Julie Moody-Freeman’s “Earthling dreams in black and white: space, representation and US racial politics in ‘The Space Traders’” compares Derrick Bell’s 1992 short story and its adaptation as a segment of the portmanteau film Cosmic Slop (1994). Bell’s story describes the response to alien visitors who promise the US an era of prosperity in exchange for the entire black population of the country. Working from a premise shared by his work in critical race theory (that racism is an integral and permanent part of US society, working as much through preference as through prejudice), Bell’s white Americans go along with the plan. In the Hudlins’ film,4 written by Trey Ellis, the aliens only demand those Americans whose skin contains 2500 milligrams of melanin per centimeter. Whereas Bell points to constitutional precedents that have sacrificed “blacks ... to benefit whites” (197), such as the compromises in the 1787 Constitution that designated individual slaves as only three-fifths of a person, Ellis and the Hudlins rework the source material to indicate the “problematic homogeneity of previous constructions of the black experience in America” (200).
The issue ends with “Organic Fantasy” by Nnedi Okorafor, the Nigerian-American author of such YA fantasy and sf novels as Zahrah the Windseeker (2005) and The Shadow Speaker (2007). Her description of her own fiction resonates strongly with the issues and ideas the other contributors discuss:
At the centre of so many of my stories is the Ooni Kingdom of Ginen. In Ooni, you’ll find a perfect marriage between the ancient and the modern, nature and technology. Here the people live in houses that are grown as opposed to built, computers germinate from CPU seeds, cars are made of hemp and their engines run on electricity produced by plants. Ginen is a series of African stereotypes that I turned on their heads. The people of Ooni truly are close to the land. They do live in trees. And they are the first people. But they aren’t primitive, dirty or ignorant.
It is also a place I created from the discomfort of warring dominant cultures within me, the American and the Nigerian. In actual history, centuries ago, “Ginen” was the name that slaves gave the homeland that they could no longer remember. Ginen was the name of the mythical Africa. (281)
Okorafor blends autobiography with a critical appreciation of Ben Okri and Ngugi wa Thiong’o in order to answer the question, posed to her by a school child, “Why do you write such weird stuff?” (275). Her answer, ultimately, is that it is not weird at all: stories grow organically from the nature of our being in the world. And, ultimately, that is where the value of this special issue really lies. Regardless of one’s assessment of individual contributions, each articulates the often painful and never easy nature of being in a world structured by racial—and other—logics of exclusion, marginalization, and domination. Whatever the flaws of the issue, it requires us to attend.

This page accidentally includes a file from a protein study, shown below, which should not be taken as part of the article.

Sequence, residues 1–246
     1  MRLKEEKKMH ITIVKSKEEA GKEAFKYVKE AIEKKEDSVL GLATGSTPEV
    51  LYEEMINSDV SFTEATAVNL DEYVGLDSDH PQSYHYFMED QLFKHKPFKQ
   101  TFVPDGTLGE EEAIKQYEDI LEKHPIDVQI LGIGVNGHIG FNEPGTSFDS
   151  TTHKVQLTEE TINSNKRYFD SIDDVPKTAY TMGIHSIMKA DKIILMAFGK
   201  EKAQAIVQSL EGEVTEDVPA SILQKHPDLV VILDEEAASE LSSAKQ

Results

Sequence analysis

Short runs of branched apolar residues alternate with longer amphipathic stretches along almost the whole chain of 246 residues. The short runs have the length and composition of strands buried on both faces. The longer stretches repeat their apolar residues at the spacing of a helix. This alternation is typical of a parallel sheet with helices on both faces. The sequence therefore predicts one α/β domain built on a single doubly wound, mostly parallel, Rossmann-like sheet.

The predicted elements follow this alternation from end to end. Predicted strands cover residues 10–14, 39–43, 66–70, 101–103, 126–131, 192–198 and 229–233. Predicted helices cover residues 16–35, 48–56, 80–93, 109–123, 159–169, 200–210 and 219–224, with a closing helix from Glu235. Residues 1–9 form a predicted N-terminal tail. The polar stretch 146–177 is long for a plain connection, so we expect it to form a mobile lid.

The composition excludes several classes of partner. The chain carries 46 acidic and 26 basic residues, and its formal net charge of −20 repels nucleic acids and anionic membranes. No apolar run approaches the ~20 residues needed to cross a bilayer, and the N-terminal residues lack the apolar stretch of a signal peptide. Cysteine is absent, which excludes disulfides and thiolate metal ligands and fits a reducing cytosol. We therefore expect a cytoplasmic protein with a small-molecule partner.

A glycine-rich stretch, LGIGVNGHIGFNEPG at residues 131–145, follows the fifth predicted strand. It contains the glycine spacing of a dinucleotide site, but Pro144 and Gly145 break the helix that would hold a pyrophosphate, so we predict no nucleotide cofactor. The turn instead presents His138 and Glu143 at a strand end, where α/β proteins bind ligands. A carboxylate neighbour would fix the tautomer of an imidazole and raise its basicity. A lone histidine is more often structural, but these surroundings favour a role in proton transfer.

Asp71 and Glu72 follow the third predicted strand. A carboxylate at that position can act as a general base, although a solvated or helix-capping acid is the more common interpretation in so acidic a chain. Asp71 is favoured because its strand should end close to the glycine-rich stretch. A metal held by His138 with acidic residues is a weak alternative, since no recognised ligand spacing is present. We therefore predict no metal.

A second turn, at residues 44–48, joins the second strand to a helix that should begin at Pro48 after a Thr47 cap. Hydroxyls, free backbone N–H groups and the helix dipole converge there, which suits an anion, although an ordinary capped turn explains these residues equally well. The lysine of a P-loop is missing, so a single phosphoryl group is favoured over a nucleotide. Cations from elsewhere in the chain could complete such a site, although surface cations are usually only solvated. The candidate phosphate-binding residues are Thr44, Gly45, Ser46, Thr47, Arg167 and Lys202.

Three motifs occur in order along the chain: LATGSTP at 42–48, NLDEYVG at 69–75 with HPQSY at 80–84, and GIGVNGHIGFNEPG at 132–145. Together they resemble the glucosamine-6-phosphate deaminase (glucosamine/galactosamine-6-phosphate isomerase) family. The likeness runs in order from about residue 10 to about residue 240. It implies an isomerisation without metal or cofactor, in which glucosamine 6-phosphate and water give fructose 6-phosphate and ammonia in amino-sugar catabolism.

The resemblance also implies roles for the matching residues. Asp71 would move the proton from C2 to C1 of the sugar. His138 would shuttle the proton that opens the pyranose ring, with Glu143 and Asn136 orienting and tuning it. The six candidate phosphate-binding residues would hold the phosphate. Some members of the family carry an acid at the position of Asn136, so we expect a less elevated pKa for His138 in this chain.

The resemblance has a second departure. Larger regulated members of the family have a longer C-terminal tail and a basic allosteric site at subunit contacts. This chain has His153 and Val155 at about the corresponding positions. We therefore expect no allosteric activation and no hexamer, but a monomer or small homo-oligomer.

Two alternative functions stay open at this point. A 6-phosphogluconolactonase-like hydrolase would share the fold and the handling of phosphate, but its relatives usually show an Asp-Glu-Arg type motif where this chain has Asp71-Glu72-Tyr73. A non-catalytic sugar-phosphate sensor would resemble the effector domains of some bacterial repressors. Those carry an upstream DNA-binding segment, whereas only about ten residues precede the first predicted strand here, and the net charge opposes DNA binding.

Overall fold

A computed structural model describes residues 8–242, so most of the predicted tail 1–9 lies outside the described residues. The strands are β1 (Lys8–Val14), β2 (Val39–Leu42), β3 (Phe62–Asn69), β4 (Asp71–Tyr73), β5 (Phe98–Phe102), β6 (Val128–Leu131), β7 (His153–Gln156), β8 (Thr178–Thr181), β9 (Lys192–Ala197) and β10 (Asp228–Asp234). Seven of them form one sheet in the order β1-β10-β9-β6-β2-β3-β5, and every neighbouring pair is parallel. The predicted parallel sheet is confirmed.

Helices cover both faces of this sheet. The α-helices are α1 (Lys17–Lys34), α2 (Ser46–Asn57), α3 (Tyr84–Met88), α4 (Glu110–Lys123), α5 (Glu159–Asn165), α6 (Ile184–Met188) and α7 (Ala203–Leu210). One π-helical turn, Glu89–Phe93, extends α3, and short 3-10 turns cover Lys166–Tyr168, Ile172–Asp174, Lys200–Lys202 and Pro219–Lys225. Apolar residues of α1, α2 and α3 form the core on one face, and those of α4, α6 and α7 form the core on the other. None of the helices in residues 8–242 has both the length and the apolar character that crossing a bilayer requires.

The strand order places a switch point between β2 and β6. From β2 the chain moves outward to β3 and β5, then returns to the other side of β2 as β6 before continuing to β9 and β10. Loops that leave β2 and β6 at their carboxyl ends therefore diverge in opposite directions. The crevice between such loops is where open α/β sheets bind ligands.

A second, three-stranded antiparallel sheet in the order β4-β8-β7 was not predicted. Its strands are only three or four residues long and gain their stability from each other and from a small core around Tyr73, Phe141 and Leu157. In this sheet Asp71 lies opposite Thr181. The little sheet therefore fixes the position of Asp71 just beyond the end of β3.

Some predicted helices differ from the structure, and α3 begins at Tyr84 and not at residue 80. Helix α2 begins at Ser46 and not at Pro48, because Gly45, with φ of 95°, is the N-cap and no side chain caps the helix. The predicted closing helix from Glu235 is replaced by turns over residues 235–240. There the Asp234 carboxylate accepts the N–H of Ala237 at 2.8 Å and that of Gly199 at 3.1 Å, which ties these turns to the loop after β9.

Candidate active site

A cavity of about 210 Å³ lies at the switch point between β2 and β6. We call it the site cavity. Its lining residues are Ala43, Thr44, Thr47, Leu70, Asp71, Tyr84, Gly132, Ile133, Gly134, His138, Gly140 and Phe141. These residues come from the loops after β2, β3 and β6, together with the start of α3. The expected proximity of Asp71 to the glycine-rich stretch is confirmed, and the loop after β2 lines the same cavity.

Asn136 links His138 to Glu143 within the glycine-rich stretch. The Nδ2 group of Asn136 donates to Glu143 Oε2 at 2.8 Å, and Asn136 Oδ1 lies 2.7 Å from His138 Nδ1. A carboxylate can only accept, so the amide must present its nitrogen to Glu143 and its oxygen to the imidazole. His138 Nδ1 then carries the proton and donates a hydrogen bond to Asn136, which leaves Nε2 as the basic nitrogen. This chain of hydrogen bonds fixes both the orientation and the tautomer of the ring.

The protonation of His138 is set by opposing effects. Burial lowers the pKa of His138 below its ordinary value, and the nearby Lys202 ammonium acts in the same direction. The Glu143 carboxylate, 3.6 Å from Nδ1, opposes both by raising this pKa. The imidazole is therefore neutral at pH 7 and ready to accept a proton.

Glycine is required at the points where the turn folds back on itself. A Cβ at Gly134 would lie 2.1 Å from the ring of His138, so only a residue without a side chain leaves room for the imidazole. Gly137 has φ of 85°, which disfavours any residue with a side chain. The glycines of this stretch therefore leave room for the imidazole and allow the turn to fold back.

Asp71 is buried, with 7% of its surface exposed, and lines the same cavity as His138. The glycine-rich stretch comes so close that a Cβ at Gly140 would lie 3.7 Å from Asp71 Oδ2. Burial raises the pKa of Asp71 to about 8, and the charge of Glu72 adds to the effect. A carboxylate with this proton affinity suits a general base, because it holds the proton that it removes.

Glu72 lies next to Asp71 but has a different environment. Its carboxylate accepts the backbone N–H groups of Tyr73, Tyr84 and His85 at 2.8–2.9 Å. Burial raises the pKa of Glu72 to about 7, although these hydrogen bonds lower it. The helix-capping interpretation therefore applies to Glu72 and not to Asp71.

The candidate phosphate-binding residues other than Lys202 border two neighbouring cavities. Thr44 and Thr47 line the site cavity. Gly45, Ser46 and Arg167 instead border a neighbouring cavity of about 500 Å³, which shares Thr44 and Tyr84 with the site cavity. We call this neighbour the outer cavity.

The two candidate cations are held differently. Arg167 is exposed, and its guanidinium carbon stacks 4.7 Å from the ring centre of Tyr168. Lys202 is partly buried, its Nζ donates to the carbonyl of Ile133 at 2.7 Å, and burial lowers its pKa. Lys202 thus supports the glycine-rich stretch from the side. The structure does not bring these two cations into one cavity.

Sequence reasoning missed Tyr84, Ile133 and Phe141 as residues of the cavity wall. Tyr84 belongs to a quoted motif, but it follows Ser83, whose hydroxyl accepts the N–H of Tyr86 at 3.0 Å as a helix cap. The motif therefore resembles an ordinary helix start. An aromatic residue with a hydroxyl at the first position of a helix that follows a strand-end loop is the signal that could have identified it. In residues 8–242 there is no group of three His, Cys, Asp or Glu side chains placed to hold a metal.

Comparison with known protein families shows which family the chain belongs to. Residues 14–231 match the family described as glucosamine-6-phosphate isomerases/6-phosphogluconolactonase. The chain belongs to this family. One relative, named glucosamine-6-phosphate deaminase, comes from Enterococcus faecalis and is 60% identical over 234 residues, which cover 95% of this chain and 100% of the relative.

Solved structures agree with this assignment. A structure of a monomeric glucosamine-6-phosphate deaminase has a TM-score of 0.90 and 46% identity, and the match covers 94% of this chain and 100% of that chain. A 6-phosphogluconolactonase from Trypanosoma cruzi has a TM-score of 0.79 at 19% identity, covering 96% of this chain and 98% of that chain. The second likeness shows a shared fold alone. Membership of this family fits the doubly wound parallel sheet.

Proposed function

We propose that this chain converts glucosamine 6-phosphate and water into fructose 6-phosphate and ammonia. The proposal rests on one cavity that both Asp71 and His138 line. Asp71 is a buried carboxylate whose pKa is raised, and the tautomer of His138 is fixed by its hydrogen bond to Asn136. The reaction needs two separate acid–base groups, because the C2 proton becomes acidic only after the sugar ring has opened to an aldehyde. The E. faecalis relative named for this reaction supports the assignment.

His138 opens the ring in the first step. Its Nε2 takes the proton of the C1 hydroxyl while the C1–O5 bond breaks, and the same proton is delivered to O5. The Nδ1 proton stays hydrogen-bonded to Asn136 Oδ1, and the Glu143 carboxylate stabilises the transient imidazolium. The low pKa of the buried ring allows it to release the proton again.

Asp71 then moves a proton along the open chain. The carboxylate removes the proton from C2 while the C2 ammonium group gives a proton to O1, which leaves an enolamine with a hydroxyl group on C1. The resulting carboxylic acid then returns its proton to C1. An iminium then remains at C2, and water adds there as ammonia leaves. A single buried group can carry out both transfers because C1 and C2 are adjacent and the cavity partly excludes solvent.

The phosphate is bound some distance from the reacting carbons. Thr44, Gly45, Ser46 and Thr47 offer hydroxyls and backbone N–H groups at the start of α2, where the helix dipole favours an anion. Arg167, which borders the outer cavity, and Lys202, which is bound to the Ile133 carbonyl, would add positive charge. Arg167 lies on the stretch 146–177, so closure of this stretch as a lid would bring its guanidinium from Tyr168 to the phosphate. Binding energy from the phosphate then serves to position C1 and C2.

1. The materialist Du Bois would shudder at being remembered in such a way, while Schuyler would be delighted.
2. Jackson has little time for the Predator franchise, and especially not for Predator 2 (1990), which persuaded her that the series was “filled with too much gruesome violence and needless carnage” (237). Sadly, this squeamishness causes her to overlook what is probably the most interesting of all of these films in terms of its articulation of race. Reworking the interracial queer romance narrative that Leslie Fiedler identified at the core of American literature, and deeply symptomatic of the Reagan-Bush era’s racial imaginary, Predator 2 nonetheless cast middle-aged African American Danny Glover as its action hero. A remarkably contradictory film, it demonstrates the complexity with which ideologies of race are mediated and articulated.
3. In House of M: Avengers (2007), set in an alternate Marvel universe in which “normal” humans are a tyrannized minority in a mutant-dominated world, Cage, who becomes a revolutionary hero through holding a specific community together, is overtly contrasted with T’Challa, who heads the global resistance from his base in Wakanda.
4. Reginald Hudlin also wrote Marvel’s Black Panther comic from 2005-09.
Brown, Jeffrey A. Black Superheroes, Milestone Comics, and their Fans. Jackson: Mississippi UP, 2001.
Castells, Manuel. The Information Age: Economy, Society and Culture, Volume III: End of Millennium. 1996. 2nd ed. Oxford: Blackwell, 2000.
Nama, Adilifu. Black Space: Imagining Race in Science Fiction Film. Austin: U of Texas P, 2008.